I was able to model the End Cap with beam elements and connect the End Cap beam to the mid surface, top surface, and bottom surface. 
      I used a series of edge to edge contacts (this time it worked).




       


       


      This way, the simulation starts running, but then it fails (this is already an improvement compared to before, where I ran a simulation with beam elements, but it failed right at the start). See below one of the Newton-Raphson plots and the unconverged Force plot.


       


       





       


      I tried to change the beam's behavior to "Rigid", but still no luck, it failed again.


      Do you have any other suggestions?


      Also, the picture above is taken at the last moment of the deflection (when the trailing edge is deflected downward). It looks like the top and bottom surface are penetrating the beam. I was not experiencing this penetration with solid elements. Is this an actual issue with the simulation or it's just the rendering?


      Also, when I use beam elements like in this case, it looks like the end cap remains straight (no angular deflection) while on the other hand it should point at and angle during the downward motion of the trailing edge. I suspect that since the end cap is not at an angle something must be wrong (maybe the contacts between End Cap and Top and Bottom Surfaces are not working properly).


       


      Thank you.

    • peteroznewman
      Subscriber

      I have seen rendering errors in Mechanical when using Rigid Bodies.


      I can tell from the graphs that the solver is trying (but failing) to accommodate the entire load in one step. Under Analysis Settings, change Auto Time Stepping to On.  The set the Initial Substeps to 100, the Minimum Substeps to 10 and the Maximum Substeps to 1000.


       

    • ferrossi
      Subscriber

      Hi Peter, 


      After following your suggestion (together with some geometry changes to the model) I was able to get the simulation to converge. Thank you for the hint!
      However, now that it converged, I want to better understand what I was doing wrong, so that I have a complete understand of what I am doing.            


      See below the questions I have, I hope you can respond (or redirect me to other sources) so that I can clear out my doubts. 


      Question 1: I didn't understand your statement "I can tell from the graphs that the solver is trying (but failing) to accommodate the entire load in one step". How do you tell this is the case by looking at the Force Convergence chart?


       


      Question 2: For what concerns the simulation results, what is the difference between "accommodating the entire load in one step" versus using substeps as you suggested?                                                                                                                                                                                                I am not familiar with the concepts that you asked me to apply (initial substeps, min substeps, max substeps). Do you have an explanation or some material that I can read to better understand the effects of using substeps in a simulation?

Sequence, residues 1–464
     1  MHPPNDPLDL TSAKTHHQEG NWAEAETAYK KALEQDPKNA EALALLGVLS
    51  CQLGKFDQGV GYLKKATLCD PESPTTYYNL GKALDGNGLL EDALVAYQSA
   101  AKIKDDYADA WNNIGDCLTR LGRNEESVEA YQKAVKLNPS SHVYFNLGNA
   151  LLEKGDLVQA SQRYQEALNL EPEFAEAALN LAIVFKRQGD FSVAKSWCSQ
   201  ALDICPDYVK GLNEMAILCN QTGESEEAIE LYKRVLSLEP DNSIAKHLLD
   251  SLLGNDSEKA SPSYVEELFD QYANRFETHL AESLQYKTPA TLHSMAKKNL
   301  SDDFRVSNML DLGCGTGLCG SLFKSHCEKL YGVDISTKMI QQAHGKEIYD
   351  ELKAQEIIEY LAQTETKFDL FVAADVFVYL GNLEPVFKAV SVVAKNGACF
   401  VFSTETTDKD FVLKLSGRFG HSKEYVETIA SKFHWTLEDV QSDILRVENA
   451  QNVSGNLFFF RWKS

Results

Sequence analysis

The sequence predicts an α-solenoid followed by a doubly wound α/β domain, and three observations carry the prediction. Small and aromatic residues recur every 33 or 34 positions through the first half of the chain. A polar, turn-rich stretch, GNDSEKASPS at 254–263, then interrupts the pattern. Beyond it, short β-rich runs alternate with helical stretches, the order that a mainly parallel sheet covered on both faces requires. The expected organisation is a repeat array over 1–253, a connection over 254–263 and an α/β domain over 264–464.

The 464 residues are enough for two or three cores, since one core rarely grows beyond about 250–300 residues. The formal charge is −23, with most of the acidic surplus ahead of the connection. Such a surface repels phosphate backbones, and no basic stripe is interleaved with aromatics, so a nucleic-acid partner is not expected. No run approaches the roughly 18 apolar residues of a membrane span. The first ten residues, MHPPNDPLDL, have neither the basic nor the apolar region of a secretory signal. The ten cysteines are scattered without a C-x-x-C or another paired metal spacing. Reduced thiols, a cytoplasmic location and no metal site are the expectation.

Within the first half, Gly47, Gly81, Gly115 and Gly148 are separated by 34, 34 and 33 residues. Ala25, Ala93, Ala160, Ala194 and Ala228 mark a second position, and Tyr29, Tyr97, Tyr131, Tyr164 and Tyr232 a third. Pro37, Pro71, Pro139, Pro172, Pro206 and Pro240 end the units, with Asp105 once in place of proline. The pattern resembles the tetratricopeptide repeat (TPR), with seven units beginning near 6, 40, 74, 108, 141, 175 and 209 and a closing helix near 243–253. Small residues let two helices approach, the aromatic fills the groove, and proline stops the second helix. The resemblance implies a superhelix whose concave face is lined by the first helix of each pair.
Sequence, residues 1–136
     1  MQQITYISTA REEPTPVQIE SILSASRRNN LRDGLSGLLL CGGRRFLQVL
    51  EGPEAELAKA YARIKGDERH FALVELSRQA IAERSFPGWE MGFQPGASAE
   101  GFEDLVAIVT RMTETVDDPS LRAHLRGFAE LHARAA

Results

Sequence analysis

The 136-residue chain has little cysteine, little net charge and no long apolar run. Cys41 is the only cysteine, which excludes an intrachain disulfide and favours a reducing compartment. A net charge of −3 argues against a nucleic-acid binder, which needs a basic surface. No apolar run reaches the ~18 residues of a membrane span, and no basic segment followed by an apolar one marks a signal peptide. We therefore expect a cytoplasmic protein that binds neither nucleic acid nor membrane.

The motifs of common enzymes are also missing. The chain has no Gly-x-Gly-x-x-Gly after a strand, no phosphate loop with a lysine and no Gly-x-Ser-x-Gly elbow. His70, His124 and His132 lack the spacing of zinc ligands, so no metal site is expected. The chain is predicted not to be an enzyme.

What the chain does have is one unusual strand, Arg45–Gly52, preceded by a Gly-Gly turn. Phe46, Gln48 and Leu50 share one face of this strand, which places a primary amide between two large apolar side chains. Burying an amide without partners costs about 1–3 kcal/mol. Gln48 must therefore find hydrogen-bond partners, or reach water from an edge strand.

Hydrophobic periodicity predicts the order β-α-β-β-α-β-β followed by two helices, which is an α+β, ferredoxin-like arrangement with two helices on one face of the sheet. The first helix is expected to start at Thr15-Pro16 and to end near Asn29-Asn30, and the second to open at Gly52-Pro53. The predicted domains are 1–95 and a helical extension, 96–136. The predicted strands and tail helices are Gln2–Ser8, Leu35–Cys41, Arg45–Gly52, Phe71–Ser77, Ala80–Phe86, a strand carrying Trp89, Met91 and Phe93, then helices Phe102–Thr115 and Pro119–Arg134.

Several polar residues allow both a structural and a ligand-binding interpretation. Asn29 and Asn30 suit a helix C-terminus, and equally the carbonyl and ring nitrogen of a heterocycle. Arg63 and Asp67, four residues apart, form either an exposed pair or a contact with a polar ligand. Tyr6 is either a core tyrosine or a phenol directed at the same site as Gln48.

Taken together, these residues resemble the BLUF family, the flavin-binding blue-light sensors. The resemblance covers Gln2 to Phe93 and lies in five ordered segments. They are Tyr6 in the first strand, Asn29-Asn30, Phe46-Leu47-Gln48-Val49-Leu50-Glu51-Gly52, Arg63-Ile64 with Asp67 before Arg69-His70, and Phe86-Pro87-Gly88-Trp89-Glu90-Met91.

Question 3: The simulation converged when the values of the two forces applied to the model was +100 and -100 N. Then, I tested the same model with greater forces (200 N, 250 N, 300 N, and 400 N). See below the stress results for each simulation:


       100 N -->    247 MPa     (converged)                                                                                                                                                                                                     200 N -->    548 MPa     (converged)                                                                                                                                                                                                     250 N -->    740 MPa     (converged)                                                                                                                                                                                                   300 N -->    958 MPA              (partial results, NOT converged)                                                                                                                                                           400 N -->    927 MPA               (partial results, NOT converged)  (mesh is finer than previous meshes, so maybe this is why it's slightly lower than 300 N).


      As you can see, as the force increases, the stress becomes greater (makes sense). Please consider that the material I am using is a Carbon Fiber which fails at 513 MPa (in tension) and -437 MPa (in compression). Therefore, you can see how the results for 200 N and 250 N would cause the material to fail already. My question concerns the reason why the 300 N and 400 N simulations do not converge: is it because the stress is so much above the failure limit of the material, or is it because my mesh is not fine enough (good elements quality)? I am trying to understand if the non-convergence is due to unrealistic loads (out of my control), or to the mesh which is not good enough (which would be equal to saying: ANSYS will always give a results, even if the value is extreme and clearly beyond the failure limit of the material). See here a picture of the 400 N results:



       


       


      Question 4: I am not understanding how to interpret the Force Convergence chart and the Newton Raphson plots. See for example the chart and plot for the unconverged solution at 400 N force.


      What does the Y axis represent? are those the errors (residuals) calculated by the solver when solving the equations? I fear they might be something else though, since the force convergence chart reaches values of 34,062.00 N (which is incredibly high) so I find it hard to believe that this is a residual error. And what does the X axis represent? It would be great if you can share some material where I can read about it.



      What about the Newton Raphson plots below? The are showing units of force (N) applied to the trailing edge cap. I understand that that they are indicating some kind of error, but I can't understand why they would indicate 38 N on the trailing edge. What do these plots mean physically?